The Food and Drug Admisnistraion is denying The Natural Resources Defense Council’s (NRDC) request to ban BPA from the United States.
The Food and Drug Administration’s assessment is that the scientific evidence currently suggests that the very low levels of human exposure to BPA through the diet are not unsafe.
With the support of the National Institute of Environmental Health Sciences (NIEHS) and the National Toxicology Program (NTP), scientists at FDA’s National Center for Toxicological Research (NCTR) have been studying BPA. The NCTR researchers have been conducting in-depth studies of BPA since September 2008 to see if there are potential toxic effects of BPA on fetuses, infants and children.
According to a statement released from the FDA, the findings showed the level of BPA from food that could be passed from pregnant mothers to the fetus is so low that it was immeasurable. Researchers fed pregnant rodents 100 to 1,000 times more BPA than people are exposed to through food, and could not detect the active form of BPA in the fetus eight hours after the mother’s exposure. The study also showed BPA exposure to infants were lower than previously believed. In fact, 84 to 92 percent lower than previously estimated.
NCTR researchers were able to recreate what happens to BPA once it enters the body by using mathematical models. The models showed that BPA is rapidly metabolized and eliminated through feces and urine. They observed that BPA is “exactly the opposite” from other toxins, like dioxin. Research has shown that dioxic can stay in the body’s tissues for months or even years.
The NRDC responded by saying it believes the FDA “made the wrong call” on not prohibiting the use of bisphenol A.
“BPA is a toxic chemical that has no place in our food supply,” said a statement from Dr. Sarah Janssen, a senior scientist in the council’s public health program. “The agency has failed to protect our health and safety in the face of scientific studies that continue to raise disturbing questions about the long-term effects of BPA exposures, especially in fetuses, babies and young children,” the statement said. “The FDA is out of step with scientific and medical research. This illustrates the need for a major overhaul of how the government protects us against dangerous chemicals.”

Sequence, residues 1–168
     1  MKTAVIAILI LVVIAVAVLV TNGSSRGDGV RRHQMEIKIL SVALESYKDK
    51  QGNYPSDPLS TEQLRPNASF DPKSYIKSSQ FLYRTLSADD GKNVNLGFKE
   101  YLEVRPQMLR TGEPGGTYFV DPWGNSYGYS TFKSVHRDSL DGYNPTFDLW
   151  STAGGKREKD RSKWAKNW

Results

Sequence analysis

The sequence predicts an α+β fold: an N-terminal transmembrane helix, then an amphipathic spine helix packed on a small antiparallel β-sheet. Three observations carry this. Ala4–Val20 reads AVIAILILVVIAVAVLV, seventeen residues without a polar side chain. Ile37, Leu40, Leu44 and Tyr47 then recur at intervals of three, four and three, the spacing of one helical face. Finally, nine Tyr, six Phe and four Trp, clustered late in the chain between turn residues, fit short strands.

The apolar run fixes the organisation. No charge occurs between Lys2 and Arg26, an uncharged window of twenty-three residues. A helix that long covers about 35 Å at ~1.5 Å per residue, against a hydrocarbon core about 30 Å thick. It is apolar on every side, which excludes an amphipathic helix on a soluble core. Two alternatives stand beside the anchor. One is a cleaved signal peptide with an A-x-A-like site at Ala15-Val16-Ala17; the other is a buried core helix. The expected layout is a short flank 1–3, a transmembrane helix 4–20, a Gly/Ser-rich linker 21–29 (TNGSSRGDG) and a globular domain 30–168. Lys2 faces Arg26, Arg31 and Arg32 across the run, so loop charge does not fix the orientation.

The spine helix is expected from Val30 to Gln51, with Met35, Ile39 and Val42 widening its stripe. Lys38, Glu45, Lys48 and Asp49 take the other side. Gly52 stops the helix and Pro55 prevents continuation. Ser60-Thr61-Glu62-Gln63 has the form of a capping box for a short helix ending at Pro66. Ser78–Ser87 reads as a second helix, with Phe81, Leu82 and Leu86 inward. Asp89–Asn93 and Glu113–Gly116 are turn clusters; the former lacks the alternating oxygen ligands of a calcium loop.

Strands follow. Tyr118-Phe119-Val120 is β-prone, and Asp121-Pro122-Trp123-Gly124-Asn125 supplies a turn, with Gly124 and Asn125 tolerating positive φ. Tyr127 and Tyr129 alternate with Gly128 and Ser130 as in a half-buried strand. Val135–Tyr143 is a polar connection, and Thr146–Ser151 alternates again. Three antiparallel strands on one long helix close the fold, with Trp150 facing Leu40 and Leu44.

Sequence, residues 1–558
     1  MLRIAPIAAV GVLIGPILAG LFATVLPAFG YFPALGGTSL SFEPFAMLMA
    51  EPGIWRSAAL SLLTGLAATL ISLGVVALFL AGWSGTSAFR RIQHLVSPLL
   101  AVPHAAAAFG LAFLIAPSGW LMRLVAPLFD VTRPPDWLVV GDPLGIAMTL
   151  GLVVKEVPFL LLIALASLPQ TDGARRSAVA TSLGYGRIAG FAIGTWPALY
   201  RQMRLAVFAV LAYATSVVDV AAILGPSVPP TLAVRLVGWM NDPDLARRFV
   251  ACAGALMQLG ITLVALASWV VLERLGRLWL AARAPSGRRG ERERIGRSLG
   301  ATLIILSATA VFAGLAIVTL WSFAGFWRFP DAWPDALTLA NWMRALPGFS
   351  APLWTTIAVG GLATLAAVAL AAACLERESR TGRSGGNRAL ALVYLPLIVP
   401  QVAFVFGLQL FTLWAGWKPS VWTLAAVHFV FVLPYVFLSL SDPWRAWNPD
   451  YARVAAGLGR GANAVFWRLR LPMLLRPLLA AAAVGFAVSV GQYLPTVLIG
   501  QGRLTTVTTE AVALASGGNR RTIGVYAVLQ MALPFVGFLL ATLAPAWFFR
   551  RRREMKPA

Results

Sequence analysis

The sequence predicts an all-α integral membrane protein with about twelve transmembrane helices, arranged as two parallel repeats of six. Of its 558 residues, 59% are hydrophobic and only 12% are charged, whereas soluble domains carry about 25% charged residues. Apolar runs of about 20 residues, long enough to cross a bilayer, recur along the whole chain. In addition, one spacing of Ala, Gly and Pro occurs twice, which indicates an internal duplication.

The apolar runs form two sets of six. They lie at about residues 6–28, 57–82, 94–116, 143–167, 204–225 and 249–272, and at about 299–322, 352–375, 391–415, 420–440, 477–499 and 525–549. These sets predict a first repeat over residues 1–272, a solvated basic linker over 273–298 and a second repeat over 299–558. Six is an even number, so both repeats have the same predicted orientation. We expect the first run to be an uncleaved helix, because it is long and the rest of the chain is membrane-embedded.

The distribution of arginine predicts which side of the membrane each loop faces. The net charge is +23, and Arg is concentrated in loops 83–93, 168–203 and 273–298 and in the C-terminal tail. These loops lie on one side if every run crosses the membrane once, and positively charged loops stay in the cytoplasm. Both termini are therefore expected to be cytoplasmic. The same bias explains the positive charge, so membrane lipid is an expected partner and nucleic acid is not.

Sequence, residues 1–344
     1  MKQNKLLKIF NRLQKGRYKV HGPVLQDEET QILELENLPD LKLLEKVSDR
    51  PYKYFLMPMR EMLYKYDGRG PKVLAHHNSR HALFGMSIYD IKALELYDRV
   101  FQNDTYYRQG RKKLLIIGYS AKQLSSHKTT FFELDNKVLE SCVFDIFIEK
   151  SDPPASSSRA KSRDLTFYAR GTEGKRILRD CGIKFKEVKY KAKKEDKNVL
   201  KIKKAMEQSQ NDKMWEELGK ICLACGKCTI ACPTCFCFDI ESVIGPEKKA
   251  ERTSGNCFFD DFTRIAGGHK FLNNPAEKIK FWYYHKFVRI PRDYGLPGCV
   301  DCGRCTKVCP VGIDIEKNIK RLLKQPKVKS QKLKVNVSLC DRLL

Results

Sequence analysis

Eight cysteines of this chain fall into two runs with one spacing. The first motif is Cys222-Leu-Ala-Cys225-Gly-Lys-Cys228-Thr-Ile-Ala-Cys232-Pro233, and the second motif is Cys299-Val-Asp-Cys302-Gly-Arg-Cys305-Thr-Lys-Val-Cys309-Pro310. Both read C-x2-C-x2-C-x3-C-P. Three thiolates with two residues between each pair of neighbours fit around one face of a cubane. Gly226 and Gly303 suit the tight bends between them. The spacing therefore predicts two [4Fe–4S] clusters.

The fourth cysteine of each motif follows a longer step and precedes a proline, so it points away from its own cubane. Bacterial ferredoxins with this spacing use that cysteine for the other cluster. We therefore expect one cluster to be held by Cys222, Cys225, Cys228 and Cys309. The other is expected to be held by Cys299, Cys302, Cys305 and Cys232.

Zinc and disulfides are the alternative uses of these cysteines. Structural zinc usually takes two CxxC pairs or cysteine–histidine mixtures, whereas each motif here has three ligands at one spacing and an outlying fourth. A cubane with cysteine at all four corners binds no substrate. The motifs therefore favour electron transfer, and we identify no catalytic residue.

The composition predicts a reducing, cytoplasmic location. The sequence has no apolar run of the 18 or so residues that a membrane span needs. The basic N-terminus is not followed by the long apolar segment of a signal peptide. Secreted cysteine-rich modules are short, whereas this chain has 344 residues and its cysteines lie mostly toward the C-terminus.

The FDA’s recent response denying the ban comes from a court issued consent that required them to make a decision by the end of March after being sued by The NRDC in 2011.
Past research has shown that people are exposed to BPA because small amounts can migrate into the food and beverages from their containers. Reports from some animal studies have raised potential concerns that BPA exposure may cause multiple health problems, including reproductive disorders, diabetes and cardiovascular disease.
If you are concerned, here are a few ways to limit exposure to BPA:
- Some plastics that are marked with recycle codes 3 or 7 may be made with BPA, look at the bottom to find the code.
- Avoid putting extremely hot or boiling liquid in plastic containers. Heat can cause the release of BPA.
- Discard all bottles with scratches, as these may harbor bacteria and, if containing BPA, lead to greater release of BPA.
FDA is continuing its research and monitoring of studies to address uncertainties raised about BPA.